Scientists have found that consuming fruits rich in flavonoids such as blueberries and strawberries may delay cognitive decline in older women by up to 2.5 years.
Flavonoids are compounds found in plants that typically have powerful antioxidant and anti-inflammatory properties. Researchers believe the consumption of flavonoids can reduce the cellular stress and inflammation that causes cognitive decline.
Previous studies of the positive effects of flavonoids, particularly anthocyanidins, have been limited to animal models or very small trials in older persons. Nevertheless, these trials have shown that greater consumption of foods with these compounds improve cognitive function.
The current study is published in the Annals of Neurology, a journal of the American Neurological Association and Child Neurology Society.
Dementia or cognitive decline is expected to be a serious public health issue as the population of Americans 65 years of age and older expands. This population has grown faster than the total U.S. population for the decade 2000-2010 — before the leading edge of the baby boomers generation reached 65 in 2011.
“As the U.S. population ages, understanding the health issues facing this group becomes increasingly important,” said Dr. Elizabeth Devore with Brigham and Women’s Hospital and Harvard Medical School in Boston, Mass. “Our study examined whether greater intake of berries could slow rates of cognitive decline.”
Researchers used data from the Nurses’ Health Study — a group of 121,700 female, registered nurses between the ages of 30 and 55 who completed health and lifestyle questionnaires beginning in 1976.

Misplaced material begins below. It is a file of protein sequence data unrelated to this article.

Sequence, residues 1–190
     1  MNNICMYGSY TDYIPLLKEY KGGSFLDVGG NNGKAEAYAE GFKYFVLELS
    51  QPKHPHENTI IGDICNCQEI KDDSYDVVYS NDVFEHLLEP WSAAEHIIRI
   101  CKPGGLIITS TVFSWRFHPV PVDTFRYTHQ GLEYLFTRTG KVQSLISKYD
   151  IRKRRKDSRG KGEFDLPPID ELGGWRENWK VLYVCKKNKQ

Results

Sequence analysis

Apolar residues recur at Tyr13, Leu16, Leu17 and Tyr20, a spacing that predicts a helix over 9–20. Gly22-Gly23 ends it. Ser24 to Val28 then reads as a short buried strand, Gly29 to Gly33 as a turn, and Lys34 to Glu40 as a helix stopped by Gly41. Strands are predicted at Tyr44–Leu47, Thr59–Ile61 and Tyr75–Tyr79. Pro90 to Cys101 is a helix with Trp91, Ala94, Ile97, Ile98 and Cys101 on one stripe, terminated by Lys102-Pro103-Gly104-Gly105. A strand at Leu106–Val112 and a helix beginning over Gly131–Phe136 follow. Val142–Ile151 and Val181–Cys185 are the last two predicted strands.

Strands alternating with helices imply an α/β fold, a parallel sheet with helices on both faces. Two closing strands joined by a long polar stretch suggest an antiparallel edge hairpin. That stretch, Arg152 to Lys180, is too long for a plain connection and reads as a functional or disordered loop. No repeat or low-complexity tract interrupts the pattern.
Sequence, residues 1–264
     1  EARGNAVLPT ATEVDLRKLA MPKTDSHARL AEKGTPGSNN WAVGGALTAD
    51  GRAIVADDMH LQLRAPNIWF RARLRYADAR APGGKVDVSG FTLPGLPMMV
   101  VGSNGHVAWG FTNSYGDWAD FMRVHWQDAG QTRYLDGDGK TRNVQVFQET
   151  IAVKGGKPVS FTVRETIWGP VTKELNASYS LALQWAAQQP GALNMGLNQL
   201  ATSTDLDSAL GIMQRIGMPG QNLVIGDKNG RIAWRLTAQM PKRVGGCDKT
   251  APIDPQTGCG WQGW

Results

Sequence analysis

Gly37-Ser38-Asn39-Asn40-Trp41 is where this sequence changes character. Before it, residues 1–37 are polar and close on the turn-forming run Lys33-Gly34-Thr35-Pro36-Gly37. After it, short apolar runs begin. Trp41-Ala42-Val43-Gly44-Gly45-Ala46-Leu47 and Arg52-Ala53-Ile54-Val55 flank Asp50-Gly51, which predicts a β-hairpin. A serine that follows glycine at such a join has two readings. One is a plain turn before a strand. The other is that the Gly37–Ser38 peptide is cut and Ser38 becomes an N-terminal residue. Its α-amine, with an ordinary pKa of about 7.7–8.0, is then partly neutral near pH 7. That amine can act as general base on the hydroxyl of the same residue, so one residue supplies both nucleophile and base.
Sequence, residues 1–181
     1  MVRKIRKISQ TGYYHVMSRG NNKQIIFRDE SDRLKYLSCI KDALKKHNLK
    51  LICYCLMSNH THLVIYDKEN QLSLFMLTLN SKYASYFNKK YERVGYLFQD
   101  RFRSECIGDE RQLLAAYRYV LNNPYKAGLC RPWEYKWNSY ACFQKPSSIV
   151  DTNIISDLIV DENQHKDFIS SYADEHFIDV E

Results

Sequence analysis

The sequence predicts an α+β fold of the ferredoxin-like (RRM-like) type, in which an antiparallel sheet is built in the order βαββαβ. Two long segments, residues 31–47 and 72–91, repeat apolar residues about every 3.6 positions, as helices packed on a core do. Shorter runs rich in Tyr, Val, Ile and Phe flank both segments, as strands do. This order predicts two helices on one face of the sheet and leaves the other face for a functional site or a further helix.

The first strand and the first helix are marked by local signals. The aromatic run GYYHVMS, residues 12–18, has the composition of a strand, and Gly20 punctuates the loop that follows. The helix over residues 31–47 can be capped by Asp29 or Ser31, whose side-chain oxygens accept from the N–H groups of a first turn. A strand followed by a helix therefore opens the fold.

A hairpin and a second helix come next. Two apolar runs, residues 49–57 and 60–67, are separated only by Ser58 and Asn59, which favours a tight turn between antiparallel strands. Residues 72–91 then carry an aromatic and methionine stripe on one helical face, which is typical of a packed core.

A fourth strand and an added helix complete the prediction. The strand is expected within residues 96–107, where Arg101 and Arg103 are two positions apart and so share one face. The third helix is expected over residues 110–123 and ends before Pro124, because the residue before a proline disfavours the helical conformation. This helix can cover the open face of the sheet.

Since 1980 participants were surveyed every four years regarding their frequency of food consumption. Between 1995 and 2001, cognitive function was measured in 16,010 subjects over the age of 70 years, at 2-year intervals. Women included in the present study had a mean age of 74 and mean body mass index of 26.
Researchers discovered that increased consumption of blueberries and strawberries appear to slow cognitive decline in older women. A greater intake of anthocyanidins and total flavonoids was also associated with reduce cognitive degeneration.
Investigators do provide the caveat that although they controlled for other health factors in the modeling, they cannot rule out the possibility that the preserved cognition in those who eat more berries may be also influenced by other lifestyle choices, such as exercising more.
“We provide the first epidemiologic evidence that berries may slow progression of cognitive decline in elderly women,” noted Devore. “Our findings have significant public health implications as increasing berry intake is a fairly simple dietary modification to test cognition protection in older adults.”